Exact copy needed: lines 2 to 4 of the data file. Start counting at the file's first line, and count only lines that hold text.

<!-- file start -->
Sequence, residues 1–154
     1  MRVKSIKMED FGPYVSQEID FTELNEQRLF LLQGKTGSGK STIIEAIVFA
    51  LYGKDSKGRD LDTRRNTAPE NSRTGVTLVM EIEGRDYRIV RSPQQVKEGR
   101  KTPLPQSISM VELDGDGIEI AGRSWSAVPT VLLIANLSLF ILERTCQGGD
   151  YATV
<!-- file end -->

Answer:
     1  MRVKSIKMED FGPYVSQEID FTELNEQRLF LLQGKTGSGK STIIEAIVFA
    51  LYGKDSKGRD LDTRRNTAPE NSRTGVTLVM EIEGRDYRIV RSPQQVKEGR
   101  KTPLPQSISM VELDGDGIEI AGRSWSAVPT VLLIANLSLF ILERTCQGGD